FASTQ (.fastq) files are similar to FASTA files. Created in 2000, FASTQ files also contain nucleotide or amino acid data in text format. However, these contain more data than the previous file type – notably including a quality score in the form of an ASCII code for each component of the sequence.

Figure 1: Example of a FASTA file. Generated by ChatGPT.

Figure 2: Example of a FASTQ file, where H denotes the ASCII quality code. Generated by ChatGPT.

Going deeper

So, FASTA and FASTQ files contain the raw data. But what does that actually tell us? Of course, we have to do more analysis, and that involves transforming our data into something a little more informative.

This is where SAM/BAM (.sam/.bam) files come in. Standing for ‘sequence alignment map’ and ‘binary alignment map’, respectively, SAM and BAM files contain information relating to the alignment of a sequence to a reference genome. By comparing to a reference, you can see the differences between your sample and the baseline genome. These files contain a variety of information including which reference genome to align to, mapping quality of the sample and the position of any mate reads. BAM files contain this information in binary format. The files can be edited and analysed via the SAMtools suite, a software package that can not only clean and organise data but also perform further functions such as variant calling.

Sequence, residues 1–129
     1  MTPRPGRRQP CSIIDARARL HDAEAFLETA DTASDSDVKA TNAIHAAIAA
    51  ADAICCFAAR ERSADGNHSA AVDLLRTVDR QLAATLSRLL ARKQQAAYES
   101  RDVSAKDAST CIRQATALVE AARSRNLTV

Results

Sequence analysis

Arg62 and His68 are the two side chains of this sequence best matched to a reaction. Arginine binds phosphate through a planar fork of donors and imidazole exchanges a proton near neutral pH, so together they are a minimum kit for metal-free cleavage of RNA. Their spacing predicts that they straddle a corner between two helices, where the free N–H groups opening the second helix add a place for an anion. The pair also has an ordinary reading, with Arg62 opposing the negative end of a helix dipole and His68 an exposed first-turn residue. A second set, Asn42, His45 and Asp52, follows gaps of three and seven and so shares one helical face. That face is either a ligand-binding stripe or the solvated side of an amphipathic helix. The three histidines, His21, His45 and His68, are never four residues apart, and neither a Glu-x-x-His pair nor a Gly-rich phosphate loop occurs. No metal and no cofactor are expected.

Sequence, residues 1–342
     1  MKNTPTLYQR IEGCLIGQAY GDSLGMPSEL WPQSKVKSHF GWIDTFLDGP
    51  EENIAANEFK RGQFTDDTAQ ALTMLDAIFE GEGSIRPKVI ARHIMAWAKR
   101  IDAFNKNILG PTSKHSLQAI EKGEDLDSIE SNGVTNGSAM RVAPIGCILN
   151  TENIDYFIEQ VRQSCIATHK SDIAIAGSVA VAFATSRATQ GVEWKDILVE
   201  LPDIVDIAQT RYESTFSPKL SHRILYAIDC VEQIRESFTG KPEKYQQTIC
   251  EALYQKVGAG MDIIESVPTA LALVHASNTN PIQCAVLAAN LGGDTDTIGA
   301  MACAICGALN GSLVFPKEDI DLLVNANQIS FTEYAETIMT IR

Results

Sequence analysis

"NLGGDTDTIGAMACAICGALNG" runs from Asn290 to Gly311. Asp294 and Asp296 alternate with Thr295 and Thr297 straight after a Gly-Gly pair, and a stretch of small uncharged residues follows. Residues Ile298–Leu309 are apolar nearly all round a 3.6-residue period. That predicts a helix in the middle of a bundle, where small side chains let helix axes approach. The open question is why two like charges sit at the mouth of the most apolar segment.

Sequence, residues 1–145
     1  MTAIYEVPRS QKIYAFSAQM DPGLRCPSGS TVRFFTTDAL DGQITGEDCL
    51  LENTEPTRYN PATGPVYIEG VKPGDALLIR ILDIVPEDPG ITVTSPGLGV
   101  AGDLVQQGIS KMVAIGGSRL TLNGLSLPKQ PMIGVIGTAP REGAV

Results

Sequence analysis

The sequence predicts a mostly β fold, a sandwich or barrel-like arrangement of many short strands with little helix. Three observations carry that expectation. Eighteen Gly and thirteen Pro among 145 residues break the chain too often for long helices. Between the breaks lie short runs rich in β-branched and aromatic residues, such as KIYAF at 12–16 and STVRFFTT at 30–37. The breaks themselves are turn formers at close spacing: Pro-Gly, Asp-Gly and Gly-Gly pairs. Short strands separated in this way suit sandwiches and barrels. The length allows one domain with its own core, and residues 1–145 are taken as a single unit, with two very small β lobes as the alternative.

A functional analysis

Speaking of variant calling, let’s take a look at VCF (.vcf) files. Variant Call Format files are the result of the above variant calling process, although they can be generated through a number of different avenues. They are used to store genetic variations such as SNPs and indels compared to a reference genome. Because they only contain the relevant variants, the files are small and easy to work with, compatible with a number of computational tools.

In contrast, GFF (.gff), general feature formats, are much larger. They contain more detailed information about your sequence, and features within that sequence. A GFF file generally contains the name of the sequence, the type of feature described (i.e., a whole gene, an exon or an intron), the coordinates of the feature within the overall sequence and other notes such as the parent gene that an exon lies on. In the below example, the gene is defined as gene1, and the three exons reside within this gene.